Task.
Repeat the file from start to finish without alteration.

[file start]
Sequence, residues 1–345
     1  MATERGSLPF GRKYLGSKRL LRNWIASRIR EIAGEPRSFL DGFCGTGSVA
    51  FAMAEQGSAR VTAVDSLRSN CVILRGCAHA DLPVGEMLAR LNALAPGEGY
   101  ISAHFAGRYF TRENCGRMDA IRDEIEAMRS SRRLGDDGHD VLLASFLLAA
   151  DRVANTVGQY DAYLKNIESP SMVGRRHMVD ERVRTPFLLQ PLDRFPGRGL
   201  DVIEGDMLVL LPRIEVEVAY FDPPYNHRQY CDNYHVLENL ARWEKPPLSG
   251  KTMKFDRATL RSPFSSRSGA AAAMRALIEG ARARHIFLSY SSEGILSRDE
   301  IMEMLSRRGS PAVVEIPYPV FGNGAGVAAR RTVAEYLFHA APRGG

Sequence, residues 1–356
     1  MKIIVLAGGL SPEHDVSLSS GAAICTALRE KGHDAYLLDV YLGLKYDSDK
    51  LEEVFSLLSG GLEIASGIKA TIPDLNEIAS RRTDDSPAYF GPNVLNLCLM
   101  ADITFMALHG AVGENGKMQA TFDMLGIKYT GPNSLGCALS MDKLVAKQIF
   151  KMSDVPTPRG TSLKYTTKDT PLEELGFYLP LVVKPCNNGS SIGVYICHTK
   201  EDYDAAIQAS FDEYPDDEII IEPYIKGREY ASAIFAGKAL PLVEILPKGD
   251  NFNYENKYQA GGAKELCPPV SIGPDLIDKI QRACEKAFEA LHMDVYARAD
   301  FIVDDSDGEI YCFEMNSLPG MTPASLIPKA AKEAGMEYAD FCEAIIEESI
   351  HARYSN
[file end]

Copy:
Sequence, residues 1–345
     1  MATERGSLPF GRKYLGSKRL LRNWIASRIR EIAGEPRSFL DGFCGTGSVA
    51  FAMAEQGSAR VTAVDSLRSN CVILRGCAHA DLPVGEMLAR LNALAPGEGY
   101  ISAHFAGRYF TRENCGRMDA IRDEIEAMRS SRRLGDDGHD VLLASFLLAA
   151  DRVANTVGQY DAYLKNIESP SMVGRRHMVD ERVRTPFLLQ PLDRFPGRGL
   201  DVIEGDMLVL LPRIEVEVAY FDPPYNHRQY CDNYHVLENL ARWEKPPLSG
   251  KTMKFDRATL RSPFSSRSGA AAAMRALIEG ARARHIFLSY SSEGILSRDE
   301  IMEMLSRRGS PAVVEIPYPV FGNGAGVAAR RTVAEYLFHA APRGG

Sequence, residues 1–356
     1  MKIIVLAGGL SPEHDVSLSS GAAICTALRE KGHDAYLLDV YLGLKYDSDK
    51  LEEVFSLLSG GLEIASGIKA TIPDLNEIAS RRTDDSPAYF GPNVLNLCLM
   101  ADITFMALHG AVGENGKMQA TFDMLGIKYT GPNSLGCALS MDKLVAKQIF
   151  KMSDVPTPRG TSLKYTTKDT PLEELGFYLP LVVKPCNNGS SIGVYICHTK
   201  EDYDAAIQAS FDEYPDDEII IEPYIKGREY ASAIFAGKAL PLVEILPKGD
   251  NFNYENKYQA GGAKELCPPV SIGPDLIDKI QRACEKAFEA LHMDVYARAD
   301  FIVDDSDGEI YCFEMNSLPG MTPASLIPKA AKEAGMEYAD FCEAIIEESI
   351  HARYSN